FIG. 1 illustrates a side view of a wafer 100. Wafer 100 includes multiple semiconductor dice 110 in a physically interconnected array of columns and rows (not shown), each semiconductor die 110 distinguished from others on wafer 100 by broken lines 118, along which the semiconductor dice are separated or singulated, as by sawing or scribing. Wafer 100, and each of the multiple semiconductor dice 110 thereof, includes an active surface 112 and a back side 114. The wafer 100 is formed from a semiconducting material and is preferably formed from silicon, but may be formed from gallium arsenide, indium phosphide or any other known semiconducting material, the electrical conductivity and resistivity of which lie between those of a conductor and an insulator. Other bulk substrates, including partial wafers, as well as silicon-on-insulator (SOI) substrates (e.g., silicon-on-glass (SOG), silicon-on-ceramic (SOC), silicon-on-sapphire (SOS), etc.) are also within the scope of the present invention and included within the meaning of the term “wafer.”

According to the present invention, wafer 100 may receive a coating element 150 formed on the back side 114 thereof. Coating element 150 is configured to be compressible or compliant so as to act as a sealant, which will be further described herein. Coating element 150 may be a coating element applied to the semiconductor dice 110 to reduce stresses thereto and/or prevent chipping of the back side 114 thereof during procedures of testing, general handling, singulation and encapsulation procedures. Coating element 150 may be configured to readily conduct and dissipate heat, wherein coating element 150 provides a surface that easily allows heat to dissipate from the semiconductor dice 110. The coating element 150 may have a coefficient of thermal expansion (CTE) similar to that of the adjacent semiconductor or insulator (in the case of nonwafer bulk substrates) material.

Coating element 150 may be applied to the back side 114 of each of the semiconductor dice 110 by flowing a polyimide material thereon (e.g., by known spin-on, screen printing, spray-on, or spreading processes). Such a technique may be especially desirable to employ at the wafer scale. If required, filler material, such as polysilicon, may be added to the polyimide material to adjust the coefficient of thermal expansion to substantially match the coefficient of thermal expansion of the back side 114 of the semiconductor die 110. A photosensitive material such as is employed for etch masking may also be applied, exposed, and developed and undesired portions of the coating element 150 removed from the back sides 114 of semiconductor dice 110, individually but preferably at the wafer scale. In the alternative, the coating element 150 may be already prepared as a preformed polyimide sheet or film, wherein the polyimide sheet or film may be adhesively attached to the back side 114 of the semiconductor die 110 using, for example, a pressure-sensitive adhesive. Such a structure may be termed a “wafer back side laminate.” As a further variation, a resin may be applied to a sheet, tape or film to form a composite coating element providing sufficient adherency to the wafer 100 or a semiconductor die 110 along with sufficient resiliency and compressibility. The resin may provide adhesion for the sheet, tape or film to the back sides 114 of semiconductor dice 110.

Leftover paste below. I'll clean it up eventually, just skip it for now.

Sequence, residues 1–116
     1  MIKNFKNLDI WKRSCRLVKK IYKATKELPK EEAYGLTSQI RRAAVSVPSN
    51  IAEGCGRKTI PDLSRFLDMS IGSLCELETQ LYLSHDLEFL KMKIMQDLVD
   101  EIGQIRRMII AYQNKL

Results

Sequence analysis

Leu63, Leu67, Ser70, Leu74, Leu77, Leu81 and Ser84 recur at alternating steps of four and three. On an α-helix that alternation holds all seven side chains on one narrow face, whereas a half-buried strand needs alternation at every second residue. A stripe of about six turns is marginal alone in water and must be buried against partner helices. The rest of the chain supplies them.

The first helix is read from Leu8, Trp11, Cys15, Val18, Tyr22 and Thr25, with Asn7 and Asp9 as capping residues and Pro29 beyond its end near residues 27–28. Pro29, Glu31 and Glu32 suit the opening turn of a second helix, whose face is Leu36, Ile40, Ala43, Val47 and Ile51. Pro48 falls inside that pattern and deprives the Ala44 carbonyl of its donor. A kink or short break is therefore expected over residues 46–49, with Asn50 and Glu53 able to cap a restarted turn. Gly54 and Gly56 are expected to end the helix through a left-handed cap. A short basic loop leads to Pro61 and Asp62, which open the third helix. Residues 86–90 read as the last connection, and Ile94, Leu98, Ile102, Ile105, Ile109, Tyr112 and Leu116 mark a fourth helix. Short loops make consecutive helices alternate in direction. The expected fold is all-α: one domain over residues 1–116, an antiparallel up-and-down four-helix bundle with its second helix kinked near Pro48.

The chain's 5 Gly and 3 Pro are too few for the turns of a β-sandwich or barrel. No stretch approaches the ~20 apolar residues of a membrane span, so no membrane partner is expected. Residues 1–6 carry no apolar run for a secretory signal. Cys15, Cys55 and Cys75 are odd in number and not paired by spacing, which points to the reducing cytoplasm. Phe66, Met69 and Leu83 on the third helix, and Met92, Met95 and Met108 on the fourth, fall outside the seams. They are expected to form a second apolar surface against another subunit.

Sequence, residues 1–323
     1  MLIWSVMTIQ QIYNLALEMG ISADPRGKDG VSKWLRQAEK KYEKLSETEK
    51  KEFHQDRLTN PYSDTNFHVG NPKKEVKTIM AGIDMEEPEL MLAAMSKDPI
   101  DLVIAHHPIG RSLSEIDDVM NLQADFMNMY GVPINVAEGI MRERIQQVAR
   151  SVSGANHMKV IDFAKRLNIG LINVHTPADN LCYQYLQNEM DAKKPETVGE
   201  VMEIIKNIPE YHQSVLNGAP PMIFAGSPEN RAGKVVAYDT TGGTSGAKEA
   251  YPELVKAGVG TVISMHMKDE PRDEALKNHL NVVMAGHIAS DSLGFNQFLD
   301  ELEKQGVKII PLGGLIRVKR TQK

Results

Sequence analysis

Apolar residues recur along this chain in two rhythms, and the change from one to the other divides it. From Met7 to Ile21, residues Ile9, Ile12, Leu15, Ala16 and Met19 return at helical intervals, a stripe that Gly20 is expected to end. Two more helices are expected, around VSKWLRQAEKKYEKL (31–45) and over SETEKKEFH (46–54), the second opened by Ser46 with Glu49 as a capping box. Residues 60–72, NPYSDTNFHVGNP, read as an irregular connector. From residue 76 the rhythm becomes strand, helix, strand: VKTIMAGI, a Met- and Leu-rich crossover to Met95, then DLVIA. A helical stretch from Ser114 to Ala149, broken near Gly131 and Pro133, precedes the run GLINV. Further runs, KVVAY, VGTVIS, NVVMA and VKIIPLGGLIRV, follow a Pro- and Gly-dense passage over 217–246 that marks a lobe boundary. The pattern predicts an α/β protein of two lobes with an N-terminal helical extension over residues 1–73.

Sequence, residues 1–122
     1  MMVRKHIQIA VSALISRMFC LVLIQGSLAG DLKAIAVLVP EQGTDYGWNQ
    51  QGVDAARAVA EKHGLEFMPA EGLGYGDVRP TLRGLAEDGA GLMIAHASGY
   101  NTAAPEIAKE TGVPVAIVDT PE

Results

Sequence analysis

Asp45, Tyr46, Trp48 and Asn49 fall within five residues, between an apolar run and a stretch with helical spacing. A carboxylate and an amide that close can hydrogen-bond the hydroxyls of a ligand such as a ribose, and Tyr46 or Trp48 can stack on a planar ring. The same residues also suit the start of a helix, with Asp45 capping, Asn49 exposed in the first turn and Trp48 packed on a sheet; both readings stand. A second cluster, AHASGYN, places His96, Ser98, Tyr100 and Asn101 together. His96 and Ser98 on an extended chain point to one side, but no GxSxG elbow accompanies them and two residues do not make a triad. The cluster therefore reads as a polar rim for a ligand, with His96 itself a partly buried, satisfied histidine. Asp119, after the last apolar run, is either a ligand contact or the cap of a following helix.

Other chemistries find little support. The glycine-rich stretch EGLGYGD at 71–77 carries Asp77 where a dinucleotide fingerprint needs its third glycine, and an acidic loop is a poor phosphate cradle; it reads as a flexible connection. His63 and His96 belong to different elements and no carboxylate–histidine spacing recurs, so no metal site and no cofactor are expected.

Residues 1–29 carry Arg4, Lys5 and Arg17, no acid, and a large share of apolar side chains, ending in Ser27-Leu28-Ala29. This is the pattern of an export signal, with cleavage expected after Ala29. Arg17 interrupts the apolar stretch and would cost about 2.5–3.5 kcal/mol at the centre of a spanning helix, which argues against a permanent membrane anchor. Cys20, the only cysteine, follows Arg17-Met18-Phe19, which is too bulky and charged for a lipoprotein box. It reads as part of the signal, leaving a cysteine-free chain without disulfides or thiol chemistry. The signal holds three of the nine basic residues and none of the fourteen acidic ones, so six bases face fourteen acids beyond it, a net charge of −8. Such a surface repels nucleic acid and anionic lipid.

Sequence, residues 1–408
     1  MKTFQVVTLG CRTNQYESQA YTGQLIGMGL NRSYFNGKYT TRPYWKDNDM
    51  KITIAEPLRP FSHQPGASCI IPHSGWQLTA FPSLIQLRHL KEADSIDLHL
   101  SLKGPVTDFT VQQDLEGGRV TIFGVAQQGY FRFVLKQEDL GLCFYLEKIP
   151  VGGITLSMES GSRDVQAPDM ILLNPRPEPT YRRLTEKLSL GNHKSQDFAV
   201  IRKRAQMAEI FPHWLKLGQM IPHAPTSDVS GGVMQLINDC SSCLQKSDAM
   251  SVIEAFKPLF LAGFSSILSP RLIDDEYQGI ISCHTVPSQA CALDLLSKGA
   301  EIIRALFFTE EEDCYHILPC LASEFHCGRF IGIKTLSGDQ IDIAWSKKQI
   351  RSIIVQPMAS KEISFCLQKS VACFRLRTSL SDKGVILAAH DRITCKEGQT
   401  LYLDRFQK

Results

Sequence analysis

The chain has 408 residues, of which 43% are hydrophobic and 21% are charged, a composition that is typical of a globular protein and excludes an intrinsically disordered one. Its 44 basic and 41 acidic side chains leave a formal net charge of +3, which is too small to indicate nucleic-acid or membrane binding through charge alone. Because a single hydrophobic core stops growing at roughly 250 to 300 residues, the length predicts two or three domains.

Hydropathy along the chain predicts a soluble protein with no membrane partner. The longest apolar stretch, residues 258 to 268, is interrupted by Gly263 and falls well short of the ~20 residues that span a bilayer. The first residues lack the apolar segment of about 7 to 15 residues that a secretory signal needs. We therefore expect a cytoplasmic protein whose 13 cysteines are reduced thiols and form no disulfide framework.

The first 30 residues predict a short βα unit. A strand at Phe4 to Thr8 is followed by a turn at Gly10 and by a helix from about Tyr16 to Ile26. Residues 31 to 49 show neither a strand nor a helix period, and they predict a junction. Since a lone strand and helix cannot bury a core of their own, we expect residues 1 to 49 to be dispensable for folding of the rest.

In whatever form, coating element 150 may be of sufficient thickness such that, in combination with a selected compressibility, it accommodates when compressed at least an average bondline deviation (the deviation between the semiconductor die surface and carrier substrate, such as an interposer, surface during die mount) of between about 20 and 30 μm to prevent flash over the back side 114 during encapsulation. Thus, for example and without limitation, an initial, resiliently compressible coating element thickness of between about 50 and 100 μm may be used to allow for and accommodate bondline deviation while still minimizing the height of the finished package and any thermal barrier to heat transfer from the back side 114 of semiconductor die 110.

The wafer 100 may be singulated along broken lines 118 to provide multiple semiconductor dice 110. The coating element 150 may be disposed on the back side 114 of each of the semiconductor dice 110 prior to, or subsequent to, singulation thereof from the wafer 100. In either case, each of the individual semiconductor dice 110 receives the coating element 150 prior to a die attach process wherein a semiconductor die 110 is secured to a carrier substrate such as an interposer or lead frame.

FIG. 2 illustrates a bottom view of a board-on-chip (BOC) assembly subsequent to the die attach process. The singulated semiconductor die 110 having the coating element 150 formed on a back side 114 thereof may be attached to a carrier substrate 120. Specifically, as shown, the semiconductor die 110 is attached with its active surface toward the carrier substrate 120 so that the coating element 150 is facing outward.